Writers of the Lost Art – Guest Post by, Annette Rochelle Aben …

When was the last time you received a letter in the mail? No, I don’t mean the ones like I receive, informing me of the great opportunity to settle my final arrangements before my family is burdened with the responsibility. Life can begin at any age but it gets fun once you turn 60. But I digress…

I was raised to write letters. Every time I received a gift, I wrote a thank you note. If I was having a party, I created invitations. When I wanted to communicate with a friend who had moved away from the neighborhood, I sent letters. Partly because there was NO privacy on the family phone, that hung in the kitchen, right around the corner from the living room. At least there was a hope that only the intended would be reading my letters. It was just what we did. And it was a big deal when the mail came because a letter meant that someone thought highly of you.

In this age of texting, emoji’s and social media, we have gotten away from the personal communication of the handwritten letter. We’ve settled for the immediacy of snippets of ideas or conversation as opposed to giving time and attention to the connection with someone else. It’s as though we have put relationships in the same category as disposable razors, there when we need them but toss them aside when they become dull.

As December is Write a Friend Month, I challenge you to do something radical. Buy a book of stamps, find a pen and some paper. Then sit down somewhere comfortable and write a letter to a friend. Tell them something about your life, and ask them something about their life. Share an anecdote of an experience you recently had or perhaps pass along your thoughts on a book you are reading. Be sure to inquire if they have seen that new movie or tried the soup at that new restaurant. In other words, engage them, show interest and most of all let them know how much you appreciate their friendship. What comes next? Mail it and know that you have done something wonderful.

You may or may not receive a response by mail. There might be a shift in the earth’s polarity because of the shock… All kidding aside, you’ll most likely hear back that your friend was touched that you took the tine to write. You could start a tradition of writing once a month to that friend or even find yourself writing to other people you know. How cool!

Don’t have anyone to write to? How about writing to a soldier? Maybe you could write to a person in a nursing home? And here’s an idea, why not write to yourself? Or even write a nice letter to someone you may live with! If you want to hand deliver the letter, if you can hand deliver it, that would be nice.

Here’s another idea. Why not gift someone a letter writing kit? Put together a box with writing implements, letter paper, envelopes, stickers and stamps and an address book. Make sure you put your address in the book and include a letter, that you have written, before you wrap the box. You may be surprised to see how warmly your gift is received. Bonus. Give this box to a child and encourage them to write to grandparents, cousins, etc. What a terrific way to help a young person learn how to improve their communication skills.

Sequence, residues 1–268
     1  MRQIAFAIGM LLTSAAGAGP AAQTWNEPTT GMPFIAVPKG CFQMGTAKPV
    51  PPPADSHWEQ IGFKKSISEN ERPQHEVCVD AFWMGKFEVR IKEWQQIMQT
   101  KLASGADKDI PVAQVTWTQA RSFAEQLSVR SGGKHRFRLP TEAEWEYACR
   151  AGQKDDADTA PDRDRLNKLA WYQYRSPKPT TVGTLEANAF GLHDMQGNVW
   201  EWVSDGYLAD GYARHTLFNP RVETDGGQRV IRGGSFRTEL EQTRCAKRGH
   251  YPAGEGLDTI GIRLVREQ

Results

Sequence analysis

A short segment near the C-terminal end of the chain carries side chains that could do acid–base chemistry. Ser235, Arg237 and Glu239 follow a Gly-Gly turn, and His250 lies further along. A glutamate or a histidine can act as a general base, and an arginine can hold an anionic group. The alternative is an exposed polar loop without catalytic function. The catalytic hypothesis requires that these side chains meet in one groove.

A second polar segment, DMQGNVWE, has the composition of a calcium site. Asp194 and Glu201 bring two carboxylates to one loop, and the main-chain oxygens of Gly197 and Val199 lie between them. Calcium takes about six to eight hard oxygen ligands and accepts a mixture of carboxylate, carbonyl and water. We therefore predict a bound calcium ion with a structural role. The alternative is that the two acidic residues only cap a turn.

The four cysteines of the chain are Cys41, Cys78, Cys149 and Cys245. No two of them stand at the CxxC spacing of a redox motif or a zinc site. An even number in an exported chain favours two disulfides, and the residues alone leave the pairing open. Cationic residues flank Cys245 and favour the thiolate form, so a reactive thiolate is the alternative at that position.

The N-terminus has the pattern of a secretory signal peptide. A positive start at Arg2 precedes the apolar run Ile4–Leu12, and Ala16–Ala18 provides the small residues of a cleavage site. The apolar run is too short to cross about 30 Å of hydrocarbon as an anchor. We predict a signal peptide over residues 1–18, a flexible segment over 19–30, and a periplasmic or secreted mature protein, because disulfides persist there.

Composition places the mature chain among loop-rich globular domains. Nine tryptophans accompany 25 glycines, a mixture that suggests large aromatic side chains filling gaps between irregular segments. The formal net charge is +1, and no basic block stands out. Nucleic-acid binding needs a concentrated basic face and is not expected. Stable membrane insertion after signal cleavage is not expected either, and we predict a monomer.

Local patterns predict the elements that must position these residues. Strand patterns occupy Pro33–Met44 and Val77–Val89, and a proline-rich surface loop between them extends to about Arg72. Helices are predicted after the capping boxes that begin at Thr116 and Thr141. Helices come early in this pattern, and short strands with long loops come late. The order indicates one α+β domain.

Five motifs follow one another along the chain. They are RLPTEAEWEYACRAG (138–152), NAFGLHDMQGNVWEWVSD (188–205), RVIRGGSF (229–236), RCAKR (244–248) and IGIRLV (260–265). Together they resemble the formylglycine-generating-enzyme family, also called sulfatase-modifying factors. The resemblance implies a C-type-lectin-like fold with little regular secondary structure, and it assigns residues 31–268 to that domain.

There is something magical about receiving a letter in the mail. Mail boxes used to be called letter boxes, so I have been told. Wouldn’t it be great to have many reasons to call them that again? So, letter writing is a lost art? Perhaps it’s just waiting to be found!

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91 thoughts on “Writers of the Lost Art – Guest Post by, Annette Rochelle Aben …

  1. What a wonderful idea, Annette. I had no idea that December was ‘write a friend’ month. I usually add a few lines on a Christmas card to someone I’ve not heard from or seen for a while, but writing a letter sounds a better idea. When I was in high school, we had pen-pals and I remember the excitement of getting letters, especially when they were from another country and sent via e-mail. Now, I just need to improve my handwriting. 😀

    Liked by 2 people

  2. I have a drawer full of letters sent to me over the years that touched my heart in some ways, including one from my dad to me in 1987. Whenever I’m down, I reach for that letter. Thus, I’ve sent a similar letter to my kids, hoping that when I’m gone, they’ll have something ‘real’ to touch and read whenever they need to feel my presence. Letters are gifts from the heart that can keep on giving. Nice post, Annette.

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  3. Quite right too! I have often wondered what historians of the future will do without the rich resource of letters, post cards, diaries, memoirs etc. I can’t imagine that digital files will last in quite the same way – and they are easier to forge; history really will be written by those in control. Oh – letterboxes are still called letterboxes over here, even though most people have forgotten what they’re for… 🙂

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  4. Putting pen to paper is akin to lighting a candle; a small step that makes a big difference. Letter writing is exciting, fun, and heartfelt for both the writer and the recipient. Nothing beats a hand written letter!

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